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Algeria

Executive Summary

The constitution provides for freedom of conscience and, after an amendment enacted in February, for freedom of worship. The constitution declares Islam to be the state religion and prohibits state institutions from behaving in a manner incompatible with Islam. The law grants all individuals the right to practice their religion as long as they respect public order and regulations. Offending or insulting any religion is a criminal offense. Proselytizing of Muslims by non-Muslims is a crime. Police arrested Ahmadi Muslims for conducting unauthorized religious activities, such as holding prayers and printing religious books. A court sentenced a Christian convert accused of insulting the Prophet Muhammad to three years in prison. In April an appeals court ordered the release of a journalist sentenced in 2015 to three years in prison for insulting the Prophet Muhammad. The government continued to regulate the importation of religious materials. Two Christian organizations said the government delayed four months in authorizing their requests to import Bibles, but viewed the waiting period as an improvement in the delays experienced in past years. Senior government officials issued statements opposing calls by extremist groups for violence in the name of Islam. They also criticized the spread of “extremist” Salafism, Wahhabism, Shia Islam, Ahmadi Islam, and the Bahai Faith. Christians reported continuing delays in obtaining visas for foreign religious workers.

Jund al-Khilafa, a terrorist group affiliated with ISIS, took credit for the October 28 killing of a police officer in Constantine. Al-Qaida in the Islamic Maghreb, another terrorist group, took credit for a March 18 attack on a gas plant in Krechba.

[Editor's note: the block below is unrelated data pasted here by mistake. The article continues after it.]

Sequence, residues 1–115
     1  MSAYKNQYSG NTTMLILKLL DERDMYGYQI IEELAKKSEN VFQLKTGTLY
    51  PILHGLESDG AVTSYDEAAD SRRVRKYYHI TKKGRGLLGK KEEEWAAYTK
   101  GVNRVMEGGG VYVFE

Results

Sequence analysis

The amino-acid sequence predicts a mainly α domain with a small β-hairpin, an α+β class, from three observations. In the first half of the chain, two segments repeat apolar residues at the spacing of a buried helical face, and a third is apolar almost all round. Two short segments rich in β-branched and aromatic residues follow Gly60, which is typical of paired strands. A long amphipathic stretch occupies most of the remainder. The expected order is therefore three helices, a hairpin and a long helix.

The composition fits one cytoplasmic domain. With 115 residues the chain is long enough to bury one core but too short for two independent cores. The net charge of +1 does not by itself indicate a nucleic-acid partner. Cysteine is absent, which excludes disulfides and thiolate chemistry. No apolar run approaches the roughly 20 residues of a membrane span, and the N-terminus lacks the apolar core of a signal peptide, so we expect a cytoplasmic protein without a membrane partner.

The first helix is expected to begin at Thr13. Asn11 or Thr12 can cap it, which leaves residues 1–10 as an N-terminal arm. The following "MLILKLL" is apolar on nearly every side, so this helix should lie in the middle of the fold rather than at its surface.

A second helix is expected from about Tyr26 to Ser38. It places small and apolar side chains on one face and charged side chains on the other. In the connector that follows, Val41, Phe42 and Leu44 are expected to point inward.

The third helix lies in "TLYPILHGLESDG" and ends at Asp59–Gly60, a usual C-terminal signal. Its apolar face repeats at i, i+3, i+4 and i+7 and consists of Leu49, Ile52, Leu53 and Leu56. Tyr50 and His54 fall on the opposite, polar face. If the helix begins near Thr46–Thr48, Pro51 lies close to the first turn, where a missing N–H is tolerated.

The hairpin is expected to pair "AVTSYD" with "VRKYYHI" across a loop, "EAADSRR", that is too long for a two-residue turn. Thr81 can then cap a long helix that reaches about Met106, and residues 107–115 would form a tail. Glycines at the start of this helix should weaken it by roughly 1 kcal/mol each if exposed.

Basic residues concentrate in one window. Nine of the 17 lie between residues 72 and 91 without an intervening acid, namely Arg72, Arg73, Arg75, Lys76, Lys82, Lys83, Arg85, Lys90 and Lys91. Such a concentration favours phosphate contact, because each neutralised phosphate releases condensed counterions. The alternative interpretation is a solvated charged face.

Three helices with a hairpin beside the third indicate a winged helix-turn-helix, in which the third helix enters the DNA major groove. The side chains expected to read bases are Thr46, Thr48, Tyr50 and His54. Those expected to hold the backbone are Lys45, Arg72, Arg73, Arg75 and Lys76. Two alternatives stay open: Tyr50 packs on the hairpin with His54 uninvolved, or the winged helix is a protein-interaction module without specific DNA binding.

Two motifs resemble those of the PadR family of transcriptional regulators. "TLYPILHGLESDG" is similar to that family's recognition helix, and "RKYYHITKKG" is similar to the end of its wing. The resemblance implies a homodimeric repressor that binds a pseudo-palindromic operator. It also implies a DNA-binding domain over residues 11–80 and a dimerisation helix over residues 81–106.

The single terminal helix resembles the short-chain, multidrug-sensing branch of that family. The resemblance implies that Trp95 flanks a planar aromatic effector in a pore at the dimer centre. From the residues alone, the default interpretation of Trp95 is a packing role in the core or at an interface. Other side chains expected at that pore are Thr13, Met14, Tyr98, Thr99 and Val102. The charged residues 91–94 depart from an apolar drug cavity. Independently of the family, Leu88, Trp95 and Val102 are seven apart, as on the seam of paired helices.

There were reports of family members abusing Muslims who converted to or expressed an interest in Christianity. Practitioners of religions other than Sunni Islam, including Christians and Jews, reported they had experienced threats and intolerance and often kept a low profile as a result. In January youth in Biskra distributed leaflets describing Shia Islam as “invading” the country. A private television channel aired interviews with a professor, an imam, and a scholar of Islam about what they described as the dangers of the Ahmadi faith. There were reports of employment discrimination against non-Muslims and one incident of attempted vandalism against a church.

The U.S. Ambassador encouraged the government to promote religious tolerance. Embassy officers in meetings and programs with religious leaders from both majority and minority religious groups, as well as with members of the public, focused on pluralism and religious moderation. The Assistant Secretary of State for Democracy, Human Rights, and Labor met with several officials from the Ministry of Religious Affairs to stress the importance of religious tolerance and freedom of worship. The embassy sponsored the visit of a Muslim writer and scholar from the United States to engage youth in discussions of religious freedom and tolerance.

Section II. Status of Government Respect for Religious Freedom

Abuses by Foreign Forces and Nonstate Actors

Al-Qaida in the Islamic Maghreb, a U.S. government-designated terrorist organization, continued to operate in the country, stating the government was an “apostate regime.” The group claimed credit for a March 18 attack on a gas plant in Krechba. The Jund al-Khilafa group, which has sworn allegiance to ISIS and also is a U.S. government-designated terrorist organization, claimed responsibility for killing a police officer in the city of Constantine in October and continued to call for violence against those who disagreed with its interpretation of Islam.

International Religious Freedom Reports
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U.S. Department of State

The Lessons of 1989: Freedom and Our Future